Case Logic Ibira Backpack review

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Recently, I moved back to having a MacBookPro again. I had moved to an iMac, since most of my mobile stuff was being done on the iPad. Then work got me a second iMac for a lab/testing machine, and my desk got too crowded. But, of course, that means I now “have” to have a bag that can carry my 15″ portable and my iPad Air 2, along with the other odds and ends that a true gadgeteer considers essential to life. The fine folks at Case Logic, meanwhile, offered Julie and the team their newest backpack, specifically designed for – wait for it – 15″ laptops and 10″ tablets! So I was chosen to test and review their Iberia backpack. I was sent two of the three available colors – the darker grey “Anthracite” model with wasabi green trim, and the “Pepper” color (green) with grey accents. There is also a “Black” with goldenrod accents, which looks like the colors in the Case Logic logo. All three models retail for $30.Note: Photos may be tapped or clicked for a larger image.

The exterior of the bag is constructed from the usual nylon fabric. All interiors are ripstop nylon. The front center zipper, all zipper pulls, interior piping, and back panel is all of the accent color, as are the interior of the straps and the web haul loop.


While the zippers are fabric covered and probably dust-resistant, they did not appear to be water-resistant. There is a single small brand logo at the base of the center zipper. (Thanks, Case Logic, for being tasteful in this regard!)

The layout of the pack is strictly designed around the intended cargo: There is a laptop sleeve against the back, padded from your shoulder blades with closed cell foam, and sewn an inch or so above the bottom, so that there is a bit of cushion when setting the pack down. Opposite this, there is another sleeve sized for a full-sized iPad or similar form-factor tablet. There is scant padding between this sleeve and the remaining pocket on the back of the pack (maybe a quarter of the amount on the back panel), and there’s little clearance for any items of bulk to fit between them. I did fit in my Lovely Bride’s MacBook Air 13″, (see photo above) and could probally fit in her iPad mini, but I would want these items in some sort of padded sleeve. There is virtually no padding on the bottom of the pack.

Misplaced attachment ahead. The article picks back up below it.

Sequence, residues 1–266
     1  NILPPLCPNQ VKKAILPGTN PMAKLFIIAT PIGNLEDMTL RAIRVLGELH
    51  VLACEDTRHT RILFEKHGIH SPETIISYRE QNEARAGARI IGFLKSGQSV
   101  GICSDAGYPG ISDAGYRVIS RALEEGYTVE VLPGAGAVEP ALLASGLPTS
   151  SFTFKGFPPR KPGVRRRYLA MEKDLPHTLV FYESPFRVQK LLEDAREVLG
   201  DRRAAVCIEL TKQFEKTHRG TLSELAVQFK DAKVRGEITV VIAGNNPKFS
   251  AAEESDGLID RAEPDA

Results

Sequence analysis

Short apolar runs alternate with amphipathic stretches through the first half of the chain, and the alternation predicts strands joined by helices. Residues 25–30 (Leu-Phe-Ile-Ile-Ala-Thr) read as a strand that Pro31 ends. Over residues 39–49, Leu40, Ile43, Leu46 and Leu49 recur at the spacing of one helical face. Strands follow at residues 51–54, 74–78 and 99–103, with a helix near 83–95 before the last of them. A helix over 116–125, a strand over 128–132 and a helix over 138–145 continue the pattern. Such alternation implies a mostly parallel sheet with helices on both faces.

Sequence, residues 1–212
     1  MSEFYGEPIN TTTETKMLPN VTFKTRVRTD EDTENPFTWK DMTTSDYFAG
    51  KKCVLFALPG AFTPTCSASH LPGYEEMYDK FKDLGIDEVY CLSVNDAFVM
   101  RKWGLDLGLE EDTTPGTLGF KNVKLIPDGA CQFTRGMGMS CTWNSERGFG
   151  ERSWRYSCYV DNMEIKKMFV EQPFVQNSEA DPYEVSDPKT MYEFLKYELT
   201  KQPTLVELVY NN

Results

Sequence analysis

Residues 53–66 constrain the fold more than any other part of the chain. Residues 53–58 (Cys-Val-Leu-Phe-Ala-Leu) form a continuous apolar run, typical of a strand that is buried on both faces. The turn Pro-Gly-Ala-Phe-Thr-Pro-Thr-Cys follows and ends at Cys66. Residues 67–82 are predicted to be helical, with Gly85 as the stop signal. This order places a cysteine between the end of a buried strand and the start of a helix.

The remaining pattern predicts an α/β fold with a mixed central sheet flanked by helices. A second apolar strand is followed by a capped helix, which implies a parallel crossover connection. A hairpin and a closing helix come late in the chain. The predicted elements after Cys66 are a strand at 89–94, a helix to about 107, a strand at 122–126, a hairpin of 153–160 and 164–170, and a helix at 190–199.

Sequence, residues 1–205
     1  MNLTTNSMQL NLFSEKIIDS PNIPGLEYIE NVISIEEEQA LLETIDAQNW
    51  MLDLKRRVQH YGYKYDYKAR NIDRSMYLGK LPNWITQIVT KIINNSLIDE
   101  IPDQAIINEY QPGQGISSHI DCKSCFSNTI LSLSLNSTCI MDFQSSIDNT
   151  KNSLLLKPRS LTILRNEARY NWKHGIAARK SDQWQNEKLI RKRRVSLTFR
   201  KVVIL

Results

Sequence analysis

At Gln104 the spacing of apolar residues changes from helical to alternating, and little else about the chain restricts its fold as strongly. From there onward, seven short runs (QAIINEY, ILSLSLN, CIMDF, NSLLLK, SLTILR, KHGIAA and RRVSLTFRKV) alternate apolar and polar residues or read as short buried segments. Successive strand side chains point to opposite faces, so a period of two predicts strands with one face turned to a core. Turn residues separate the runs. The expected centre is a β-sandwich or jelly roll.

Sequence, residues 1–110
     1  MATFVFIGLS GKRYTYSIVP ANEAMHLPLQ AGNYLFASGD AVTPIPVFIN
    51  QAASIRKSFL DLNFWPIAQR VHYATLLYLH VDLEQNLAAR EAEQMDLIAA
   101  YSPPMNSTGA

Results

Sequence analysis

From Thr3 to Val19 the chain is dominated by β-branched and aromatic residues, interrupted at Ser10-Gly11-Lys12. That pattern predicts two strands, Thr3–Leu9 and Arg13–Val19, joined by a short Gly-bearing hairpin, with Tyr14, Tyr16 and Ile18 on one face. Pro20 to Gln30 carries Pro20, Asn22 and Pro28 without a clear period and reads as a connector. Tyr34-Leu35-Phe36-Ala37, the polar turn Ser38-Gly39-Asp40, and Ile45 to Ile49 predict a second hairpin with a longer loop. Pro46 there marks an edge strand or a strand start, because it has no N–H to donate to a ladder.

I fit a full-sized set of over-the-ear headphones in the center pocket…


…along with a dSLR with a fairly decent lens attached, with the aforementioned MacBookPro and iPad Air 2 in the rear pocket. The lede photo at the top of the article has all of this inside.

In front of the back pocket is a well-proportioned larger area with two ample flat storage pockets and a few pen loops. The pockets are not tightly stretched as I’ve seen on some similarly priced goods. You could actually fit a mouse or a power supply and cable into these. They are bar-tacked and reinforced. (All seams are fully covered with bias tape and sewn. I couldn’t find a raw edge of fabric in either bag.) The elastic pen loops are of a good size, in case you’re wanting to clip in an LED flashlight or something larger than your standard Ticonderoga #2. And you’ll need a clip, since they are just the .75″ elastic strip.

Moving out to the very front is a center zipper pocket that would easily fit cleats, headphones, or pingpong gear. I was able to fit (above) my STM Cable Wrap inside, filled with all my iPhone photography items and adapter cables. There was still room available for my Sun Day Afternoons Havana hat. (It’s collapsible, and a real boon in sunnier locations.)

At each outside lower corner is a net water bottle pocket. The straps are adequately padded, and have loops to wrap up extra lengths of webbing if you make the straps tight. There is also a 1″ web haul loop between the straps. One of the secret superpowers of the Ibira is that there is a hidden pocket right at the small of your back. It’s not huge, so anything other than a few bills and maybe your passport is going to show through. While I like the idea of this, I fear having your bag stolen with your ID would possibly be worse than having to deal with it attached to your person. I’ve traveled through some sketchy areas in my life, and in some of those places, I’d have dropped anything and run for it, should things go south. (Hey, what can I say? I’m a lover, not a fighter!) But I do like the “quickstash” idea of this pocket, so that someone riding a bus who is just dipping in and not stealing the whole bag only gets a part of your goodies.

Updates 03/31/16

My daughter asked for this almost as soon as it arrived. It is still part of her EDC.

Source: The sample for this review was provided by Case Logic. Please visit Case Logic for more info.


Product Information

Manufacturer:Case Logic
Retailer:Various online and off
  • something to carry
  • Sized for flat items in back, and more bulky items in outer pockets.
  • Good use of space - pockets are few, but sized well.
  • Great manufacturing quality and materials - very little branding
  • Hidden pocket for small, flat valuables
  • Nicely priced for what it is
  • Very little padding on bottom and pockets other than tablet/laptop sleeves
  • Very basic - no hip strap, sternum strap, headphone wire pass-through, fleece-lined glasses/phone pocket or hydration pocket

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